Around 45 miles, my stomach started to hurt--a sharp pain in the pit of my gut. It wasn't enough to slow me down, but the longer it went on, the more I dreaded the remaining miles. I'm not sure if it was something I was eating or drinking--maybe Lake water--but I put up with that stomach pain for a full two hours before it finally subsided.

Overall, the weather was perfect. The temperatures were in the low 70s, and winds--which can be pesky out in that flat farmland--were very light. At one point I saw some dark storm clouds in the distance, but I realized later that they were passing far to the south.

The rest of the bike was non-eventful, and I was happy to finally hop off the thing after nearly 6 hours of riding. I finished the bike ride in 5:52, which was a 19.1 mph pace. Got into the transition tent and felt pretty good heading out on to the run.

I just haven't run enough this summer to be able to do the marathon in the low-to-mid four hour range, as I have in years past. So I set off with a goal of 5:00, and a conservative pace of 11:00 per mile. It felt like I was just shuffling along, but I was making progress.

The course took me over the Cedar Point Causeway and into Sandusky. With the exception of a couple of lakeside parks (with a cool view of Cedar Point about four miles away), the Sandusky section was just dreadful--outs and backs along lonely city streets and through some shabby neighborhoods.

I hit the halfway point at about 2 hours and 28 minutes--right on schedule. But shortly after the turn, I stopped for a quick bathroom break, and It felt like my head was spinning. I just wasn't eating enough. So I switched my strategy, walking for five minutes when I hit each aid station to be able to eat and digest a bit. That slowed me to about a 14 minute per mile pace over the second half.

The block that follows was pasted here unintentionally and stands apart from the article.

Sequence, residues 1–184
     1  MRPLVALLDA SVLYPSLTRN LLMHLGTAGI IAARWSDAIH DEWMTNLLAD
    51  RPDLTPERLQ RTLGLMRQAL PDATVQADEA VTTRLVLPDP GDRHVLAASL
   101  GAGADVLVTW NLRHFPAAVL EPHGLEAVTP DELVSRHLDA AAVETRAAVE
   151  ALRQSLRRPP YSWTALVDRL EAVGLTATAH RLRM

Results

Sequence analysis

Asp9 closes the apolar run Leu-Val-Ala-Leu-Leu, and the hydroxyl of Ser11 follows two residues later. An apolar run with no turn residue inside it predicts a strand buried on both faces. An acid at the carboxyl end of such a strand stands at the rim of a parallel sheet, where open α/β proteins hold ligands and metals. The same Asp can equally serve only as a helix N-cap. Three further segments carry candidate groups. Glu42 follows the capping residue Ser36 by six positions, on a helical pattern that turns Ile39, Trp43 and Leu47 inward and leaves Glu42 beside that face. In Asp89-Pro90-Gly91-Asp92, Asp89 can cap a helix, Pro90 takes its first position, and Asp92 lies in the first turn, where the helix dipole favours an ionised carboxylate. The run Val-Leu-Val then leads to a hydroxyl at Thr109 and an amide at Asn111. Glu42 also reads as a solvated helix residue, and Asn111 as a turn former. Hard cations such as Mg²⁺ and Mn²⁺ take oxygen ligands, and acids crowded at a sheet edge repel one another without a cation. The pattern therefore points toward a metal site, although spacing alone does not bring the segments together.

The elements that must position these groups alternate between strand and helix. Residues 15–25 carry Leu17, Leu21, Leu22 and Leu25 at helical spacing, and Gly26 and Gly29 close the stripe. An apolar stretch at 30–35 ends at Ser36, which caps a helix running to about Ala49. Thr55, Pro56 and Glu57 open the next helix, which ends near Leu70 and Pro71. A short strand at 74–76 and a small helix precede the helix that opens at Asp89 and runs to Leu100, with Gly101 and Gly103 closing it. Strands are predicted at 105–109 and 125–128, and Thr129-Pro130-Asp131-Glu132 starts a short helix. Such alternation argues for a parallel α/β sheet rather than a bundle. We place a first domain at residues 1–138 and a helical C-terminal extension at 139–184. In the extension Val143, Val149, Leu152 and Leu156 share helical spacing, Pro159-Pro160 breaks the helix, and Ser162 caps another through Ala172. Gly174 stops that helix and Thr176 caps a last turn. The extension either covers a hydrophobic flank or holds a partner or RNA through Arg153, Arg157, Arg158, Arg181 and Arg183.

In spite of my slowdown, I was still in a pretty good mood. I waved to the few residents who were out watching our long march. Chatted with a few other runners. At about mile 18, a bunch of Cleveland Tri Club folks had staked out a table on the patio of a corner pub and were cheering people on. Definitely a boost--I told them to save one for me.

But more and more, it hurt. My knees, calves, quads cried in pain. I kept moving forward.

I kept up with the run/walk until the last two miles. I got to the final aid station and started to think, finally, about the finish. I thought of Jenny and William waiting for me, and I told myself there was no more walking.

Back into the park. I turned the corner, saw the finish and heard my name called. About 100 feet ahead were Jen and Will. Jen started running with me, carrying Will. I asked her if I could put him on my shoulders. Um, no way. Please? Well, ok. "Come on, buddy ... up on daddy's shoulders!" Giggles. That's how we crossed the finish line.

All things considered, I felt ok. I was hungry. Jen and Will headed back to the room shortly after we finished, but I stayed at the finish area to get something to eat and gather my gear. I had two heaping plates of race finish food--I was very hungry. As I was sitting in the pavilion, it started to pour rain.

Overall, I'm pretty happy with the experience. Not just the race, but the months of preparation. I proved to myself that I could do and, while making some sacrifices here and there, keep the "footprint" of the preparation pretty minimal for the people and things that matter most.

It'll probably be a few years before I do another Ironman-distance tri, but I will be back.

My two favorite people (at pre-race dinner).


Anonymous said...

Congratulations, Matt! Super proud of you and all that you accomplished!

-Jen C.

Matt Collister said...


Matt Collister said...